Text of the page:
Basics of Peripheral Neuropathy

Peripheral Neuropathy2The peripheral nervous system consists of a communications network that transmits messages from the spinal cord and brain to every part of the body. The peripheral nerves send sensory information to the brain, such as when the finger is burned. Damage to this system is called peripheral neuropathy, which means there is an interruption of messages between the brain and the rest of the body. Often, the neuropathy is a complication of another condition.

Researchers estimate the prevalence of peripheral neuropathy is 8% for people older than 55 years. In the general population, approximately 2.5% of people suffer with this condition. For diabetics, the rate of peripheral neuropathy is as high as 27%. Male patients with type 2 diabetes are more likely to develop neuropathy earlier than female patients. However the condition occurs in both sexes, all races, and is more common with increasing age and duration of diabetes.

Symptoms of Peripheral Neuropathy

There are more than 100 types of peripheral neuropathy, and symptoms depend on the type of nerves involved (motor, sensory, and autonomic). Motor nerves control muscle movement, such as grasping, talking, and walking. Sensory nerves transport messages about feelings, such as pain and heat. Autonomic nerves regulate breathing, digestion, and heart activity. Symptoms include:

  • Motor – Weakness, pain, muscle twitching, and changes in hair/skin/nails.
  • Sensory – Lack of feeling, sense of numbness, severe pain, and loss of perception.
  • Autonomic – Heat intolerance, loss of bladder control, dizziness, lightheadedness, diarrhea, and problems swallowing.

Causes of Peripheral Neuropathy

  • Physical injury – Nerves get crushed, severed, or compressed and cannot transmit message.Neuropathy
  • Endocrine disorders – High circulating levels of glucose damage the nerves.
  • Renal disease – Toxic substances buildup in the blood and damage nerve tissue.
  • Vitamin deficiencies – Vitamins B1, B6, B12, and E are essential for nerve function. Any deficiency of these can cause long-standing damage.
  • Chronic inflammation – Connective tissue and autoimmune disorders inflame nerve fibers and result in progressive destruction of the structures.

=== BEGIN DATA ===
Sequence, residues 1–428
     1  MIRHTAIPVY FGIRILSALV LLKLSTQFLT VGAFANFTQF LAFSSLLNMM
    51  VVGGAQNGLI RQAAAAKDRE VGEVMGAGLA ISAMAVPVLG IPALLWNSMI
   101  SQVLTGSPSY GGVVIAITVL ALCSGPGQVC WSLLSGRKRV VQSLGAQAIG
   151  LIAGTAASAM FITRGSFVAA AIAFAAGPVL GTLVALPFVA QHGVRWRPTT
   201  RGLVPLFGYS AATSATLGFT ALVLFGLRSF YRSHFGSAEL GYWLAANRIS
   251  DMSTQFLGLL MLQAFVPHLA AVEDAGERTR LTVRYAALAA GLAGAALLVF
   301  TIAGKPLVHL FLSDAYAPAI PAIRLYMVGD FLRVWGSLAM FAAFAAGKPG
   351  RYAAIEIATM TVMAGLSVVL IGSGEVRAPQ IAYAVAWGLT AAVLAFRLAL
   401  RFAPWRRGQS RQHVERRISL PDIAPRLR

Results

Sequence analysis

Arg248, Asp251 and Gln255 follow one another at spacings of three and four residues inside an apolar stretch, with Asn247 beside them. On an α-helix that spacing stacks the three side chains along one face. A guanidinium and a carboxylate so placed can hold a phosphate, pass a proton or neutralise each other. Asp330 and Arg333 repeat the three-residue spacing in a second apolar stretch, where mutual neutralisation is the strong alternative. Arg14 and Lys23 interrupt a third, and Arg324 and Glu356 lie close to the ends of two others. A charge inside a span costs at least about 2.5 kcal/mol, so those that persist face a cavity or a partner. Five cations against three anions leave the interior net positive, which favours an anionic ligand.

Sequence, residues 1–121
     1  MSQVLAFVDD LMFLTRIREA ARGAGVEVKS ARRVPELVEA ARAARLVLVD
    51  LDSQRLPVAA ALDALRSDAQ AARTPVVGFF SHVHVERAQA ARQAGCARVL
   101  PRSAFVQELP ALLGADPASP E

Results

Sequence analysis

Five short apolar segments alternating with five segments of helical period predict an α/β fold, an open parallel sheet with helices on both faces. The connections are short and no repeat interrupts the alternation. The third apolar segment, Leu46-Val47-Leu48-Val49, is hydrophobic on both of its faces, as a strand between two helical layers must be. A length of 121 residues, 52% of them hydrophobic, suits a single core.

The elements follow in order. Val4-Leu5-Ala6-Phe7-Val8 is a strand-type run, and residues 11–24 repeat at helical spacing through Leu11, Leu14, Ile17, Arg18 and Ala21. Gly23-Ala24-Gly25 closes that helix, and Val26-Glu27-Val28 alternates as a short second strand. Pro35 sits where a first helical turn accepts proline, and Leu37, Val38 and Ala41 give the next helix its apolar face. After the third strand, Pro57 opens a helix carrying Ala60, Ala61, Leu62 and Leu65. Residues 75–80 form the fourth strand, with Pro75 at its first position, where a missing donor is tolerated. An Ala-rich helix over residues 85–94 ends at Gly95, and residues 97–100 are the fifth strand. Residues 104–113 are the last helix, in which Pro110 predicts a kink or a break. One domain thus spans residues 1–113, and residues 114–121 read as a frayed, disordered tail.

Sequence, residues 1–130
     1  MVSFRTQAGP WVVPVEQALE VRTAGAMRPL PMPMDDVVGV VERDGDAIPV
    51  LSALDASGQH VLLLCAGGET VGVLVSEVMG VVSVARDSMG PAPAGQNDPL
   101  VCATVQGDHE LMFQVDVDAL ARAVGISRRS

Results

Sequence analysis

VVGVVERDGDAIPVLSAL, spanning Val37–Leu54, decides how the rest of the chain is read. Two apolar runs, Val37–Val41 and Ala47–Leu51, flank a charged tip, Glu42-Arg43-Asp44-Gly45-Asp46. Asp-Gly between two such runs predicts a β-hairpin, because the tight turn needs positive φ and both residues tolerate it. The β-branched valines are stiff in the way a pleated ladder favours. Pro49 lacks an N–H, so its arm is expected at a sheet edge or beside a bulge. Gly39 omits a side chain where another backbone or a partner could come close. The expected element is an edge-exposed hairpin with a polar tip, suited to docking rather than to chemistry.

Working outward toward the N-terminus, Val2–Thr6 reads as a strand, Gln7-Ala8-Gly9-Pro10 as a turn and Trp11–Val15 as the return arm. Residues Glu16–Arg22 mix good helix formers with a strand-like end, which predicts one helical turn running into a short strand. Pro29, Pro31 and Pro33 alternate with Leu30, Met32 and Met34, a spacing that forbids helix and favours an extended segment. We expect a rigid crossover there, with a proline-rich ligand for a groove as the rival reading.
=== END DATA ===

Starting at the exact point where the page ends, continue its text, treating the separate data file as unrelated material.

• Repetitive stress – A compression injury causes nerve damage from repetitive activities that constrict the passageways through which nerves pass. This results in irritation and swelling.
  • Heredity – Inherited forms of neuropathy result from genetic errors, such as Charcot-Marie-Tooth disease.

Peripheral Neuropathy Diagnosis

Diagnosing peripheral neuropathy is difficult because the symptoms vary from patient to patient. The doctor will conduct a comprehensive history of illness, family history, and past medical history, as well as a physical examination. Diagnostic tests include:

  • Blood tests – To detect abnormal immune system activity, liver and kidney function, and metabolic and vitamin deficiencies.
  • Computed tomography (CT) scan – To assess the soft tissues of the body, to rule out herniated discs, spine abnormalities, tumors, cysts, and vascular irregularities.
  • Magnetic resonance imaging (MRI) scan – To assess nerve fibers and muscle tissue.
  • Electromyography (EMG) – Fine needles inserted into the muscle to compare the amount of electrical activity present when muscles contract and are at rest.
  • Nerve conduction velocity (NCV) test – Used to assess the degree of damage to the nerve fibers. A problem stimulates the nerve by electrical impulse, and the nerve responds by contracting. Slow contraction indicates impulse blockage and nerve damage.

Treatment Options


  • Medications – this may include NSAIDs, Opiates, Neurogenic Medications (Lyrica, Neurontin), Vitamins.Spinal Cord Stimulator3


  • Physical Therapy and Chiropractic – this may include massage, TENS Units, laser therapy, modalities and more.


  • Spinal cord stimulation – This is an effective measure for neuropathy pain. The doctor surgically implants a small device near the spinal cord, which emits electrical currents to the spinal column. This creates a pleasant sensation that blocks the brain’s ability to sense any pain. It also restores sensation that has been lost.




Azhary H, Farooq MU, Bhanushali M, et al. (2010). Peripheral Neuropathy: Differential Diagnosis and Management. American Family Physician, 1(81), 887-892.

Dorsey RR, Eberhardt MS, Gregg EW, Geiss LS. Control of risk factors among people with diagnosed diabetes, by lower extremity disease status. Prev Chronic Dis. Oct 2009;6(4):A114.

Galer BS, Gianas A, Jensen MP. Painful diabetic polyneuropathy: epidemiology, pain description, and quality of life. Diabetes Res Clin Pract. Feb 2000;47(2):123-8.